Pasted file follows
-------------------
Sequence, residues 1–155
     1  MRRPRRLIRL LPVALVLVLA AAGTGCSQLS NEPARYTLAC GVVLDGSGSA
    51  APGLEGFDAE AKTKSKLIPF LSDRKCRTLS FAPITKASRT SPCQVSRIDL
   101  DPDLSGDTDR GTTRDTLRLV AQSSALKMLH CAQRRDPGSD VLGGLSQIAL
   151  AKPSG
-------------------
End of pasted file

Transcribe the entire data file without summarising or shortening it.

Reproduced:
Sequence, residues 1–155
     1  MRRPRRLIRL LPVALVLVLA AAGTGCSQLS NEPARYTLAC GVVLDGSGSA
    51  APGLEGFDAE AKTKSKLIPF LSDRKCRTLS FAPITKASRT SPCQVSRIDL
   101  DPDLSGDTDR GTTRDTLRLV AQSSALKMLH CAQRRDPGSD VLGGLSQIAL
   151  AKPSG